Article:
For educators, the use of portfolios better enables us to give authentic, meaningful feedback to students and develop a greater understanding of each student’s strengths and needs. These “spaces” also help to build relationships as we get to know our students, their learning needs and strengths more. Get started with Spaces today!

About the Author

Rachelle Dene Poth is an edtech consultant, presenter, attorney, author, and teacher. Rachelle teaches Spanish and STEAM: What’s nExT in Emerging Technology at Riverview High School in Oakmont, PA. Rachelle has a Juris Doctor degree from Duquesne University School of Law and a Master’s in Instructional Technology. She is a Consultant and Speaker, owner of ThriveinEDU LLC Consulting. She is an ISTE Certified Educator and currently serves as the past-president of the ISTE Teacher Education Network and on the Leadership team of the Mobile Learning Network. At ISTE19, she received the Making IT Happen Award and has received several Presidential Gold Awards for volunteer service to education.

Rachelle is the author of five books, ‘In Other Words: Quotes That Push Our Thinking,” “Unconventional Ways to Thrive in EDU” (EduMatch) and “The Future is Now: Looking Back to Move Ahead,” “Chart A New Course: A Guide to Teaching Essential Skills for Tomorrow’s World” and her newest book, “True Story Lessons That One Kid Taught Us.”

She is also a Buncee Ambassador, Nearpod PioNear and Microsoft Innovative Educator Expert.

Rachelle is a blogger for Getting Smart, Defined Learning, District Administration, NEO LMS, and the STEM Informer with Newsweek.

Follow Rachelle on Twitter @Rdene915 and on Instagram @Rdene915. Rachelle has a podcast, ThriveinEDU https://anchor.fm/rdene915.

**Interested in writing a guest blog for my site? Would love to share your ideas! Submit your post here.

Looking for a new book to read? Many stories from educators, two student chapters, and a student-designed cover for In Other Words.

Find these available at bit.ly/Pothbooks  

Rear-view mirror: reflecting about practice through the lens of UDL principles and practices to inform learning design

Looking through the rear-view mirror

Guest post by Virna Rossi, @VirnaRossi

Months of pandemic teaching and learning have highlighted issues of access and accessibility, which have disproportionally affected some under-served student populations. Students and teachers are experiencing the literal meaning of the word ‘distraction’, from the Latin dis (apart) + trahere (to drag): we are all being dragged apart, pulled in many different directions . Hence, intentionally designing inclusive learning experiences is crucial to support our students at this time. But we also need the students’ help to evaluate the effectiveness of our learning design.

Universal Design for Learning (UDL) helps us design more inclusive learning experiences. It is an approach to curriculum design that minimises barriers and maximises learning for all students.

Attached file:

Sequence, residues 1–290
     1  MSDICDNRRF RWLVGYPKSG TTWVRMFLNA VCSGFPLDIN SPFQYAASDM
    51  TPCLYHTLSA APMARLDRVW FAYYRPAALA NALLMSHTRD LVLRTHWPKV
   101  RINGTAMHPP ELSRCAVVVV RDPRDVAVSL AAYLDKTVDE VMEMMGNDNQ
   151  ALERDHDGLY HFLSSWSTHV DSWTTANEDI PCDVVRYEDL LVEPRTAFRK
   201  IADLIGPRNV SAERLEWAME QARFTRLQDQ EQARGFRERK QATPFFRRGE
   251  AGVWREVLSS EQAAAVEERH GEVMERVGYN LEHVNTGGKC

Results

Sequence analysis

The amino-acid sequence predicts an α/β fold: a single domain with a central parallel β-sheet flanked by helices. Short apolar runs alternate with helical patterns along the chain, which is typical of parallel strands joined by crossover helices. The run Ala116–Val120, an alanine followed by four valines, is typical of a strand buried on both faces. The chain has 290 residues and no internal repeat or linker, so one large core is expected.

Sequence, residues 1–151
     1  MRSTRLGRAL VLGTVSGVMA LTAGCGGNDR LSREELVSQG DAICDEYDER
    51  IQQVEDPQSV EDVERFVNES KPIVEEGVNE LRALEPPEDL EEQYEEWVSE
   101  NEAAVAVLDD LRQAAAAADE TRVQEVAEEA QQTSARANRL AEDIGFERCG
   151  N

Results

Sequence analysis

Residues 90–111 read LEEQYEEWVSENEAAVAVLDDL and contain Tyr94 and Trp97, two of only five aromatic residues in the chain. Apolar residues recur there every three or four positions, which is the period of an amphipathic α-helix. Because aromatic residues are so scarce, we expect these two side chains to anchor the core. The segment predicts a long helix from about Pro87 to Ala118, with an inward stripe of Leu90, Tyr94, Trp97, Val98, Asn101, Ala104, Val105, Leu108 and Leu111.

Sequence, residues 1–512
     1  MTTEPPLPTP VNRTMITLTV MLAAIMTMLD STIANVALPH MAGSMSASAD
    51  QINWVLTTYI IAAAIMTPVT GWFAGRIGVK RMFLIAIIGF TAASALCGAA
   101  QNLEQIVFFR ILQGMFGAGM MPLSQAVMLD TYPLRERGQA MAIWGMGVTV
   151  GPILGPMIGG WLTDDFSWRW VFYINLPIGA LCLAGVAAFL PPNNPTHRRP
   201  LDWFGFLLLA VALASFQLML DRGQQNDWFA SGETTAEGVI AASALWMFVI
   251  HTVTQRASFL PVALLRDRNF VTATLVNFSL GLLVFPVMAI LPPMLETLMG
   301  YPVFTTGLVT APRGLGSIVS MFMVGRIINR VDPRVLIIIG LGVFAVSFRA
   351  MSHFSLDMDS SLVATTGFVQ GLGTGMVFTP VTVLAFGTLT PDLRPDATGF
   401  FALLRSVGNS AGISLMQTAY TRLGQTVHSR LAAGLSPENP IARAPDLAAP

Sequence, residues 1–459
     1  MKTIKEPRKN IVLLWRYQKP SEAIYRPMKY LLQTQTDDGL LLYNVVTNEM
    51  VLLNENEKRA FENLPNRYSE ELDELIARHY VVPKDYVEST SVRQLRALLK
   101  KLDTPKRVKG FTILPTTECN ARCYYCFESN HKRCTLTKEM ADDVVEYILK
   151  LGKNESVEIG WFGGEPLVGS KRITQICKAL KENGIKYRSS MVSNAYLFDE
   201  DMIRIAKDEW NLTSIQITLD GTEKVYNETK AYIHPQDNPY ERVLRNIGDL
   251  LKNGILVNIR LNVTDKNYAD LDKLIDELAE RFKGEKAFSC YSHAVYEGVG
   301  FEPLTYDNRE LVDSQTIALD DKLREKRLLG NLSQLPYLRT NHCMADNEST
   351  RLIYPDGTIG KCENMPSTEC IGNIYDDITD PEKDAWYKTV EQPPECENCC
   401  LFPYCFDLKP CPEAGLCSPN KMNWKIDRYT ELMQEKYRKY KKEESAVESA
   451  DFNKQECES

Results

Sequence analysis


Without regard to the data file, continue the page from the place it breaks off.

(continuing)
The 3 UDL principles are based on 3 primary neurological networks: UDL is based on brain science. The 3 networks are: affective, recognition and strategic ‘which refer to the why, what and how’ of learning. Based on these, there are 3 UDL principles: Engagement, Representation and Action & Expression. More on this below.

3 UDL principles: Engagement, Representation and Action & Expression

UDL should particularly be used at the start of the learning design process, to intentionally drive the process, ideally in collaboration with students. However, UDL principles and practices can also be used as a professional reflection and evaluation tool during and after the learning event. Once more, this would ideally involve the students.

A metaphor to illustrate the use of UDL principles as a tool for reflection is to see them as rear-view and side mirrors. The universal use of rear-view and side mirrors has changed the status of humans from a species only capable of perceiving the field of vision ahead, to one which can understand in a single glance two opposing visual fields. In cars, the inner rear-view mirror and the two side ones provide different angles of the same ‘scene’ behind, virtually eliminating blind spots. Each of the 3 mirrors informs the driver’s driving decisions, with very little effort, on the go.

Rear-view mirror

The 3 rear/side mirrors can be seen as the 3 UDL principles against which to gauge how inclusive our learning design is. The 3 mirrors provide 3 perspectives to evaluate our practice.

Why do we glance?


We glance at the rear and side-view mirrors to inform our driving, to avoid accidents, to check the state of the road, to situate ourselves, to change our trajectory. These are the same reasons why we should reflect ‘on’ and evaluate our teaching, in particular our learning design. This reflective and evaluative exercise provides us with a series of dynamic snapshots about our practice and the learning we are prompting.

Side-view mirror

At times there is a safety warning on the side mirrors: ‘objects in mirror are closer than they appear’. In our metaphor this also has an equivalent: some situations may need attention as a priority because we might underestimate the closeness and relative importance of some aspects of our learning design. For instance if we have dyslexic students – Have we provided judicious output choices? How well equipped are they for their upcoming assessment? What study support systems are in place?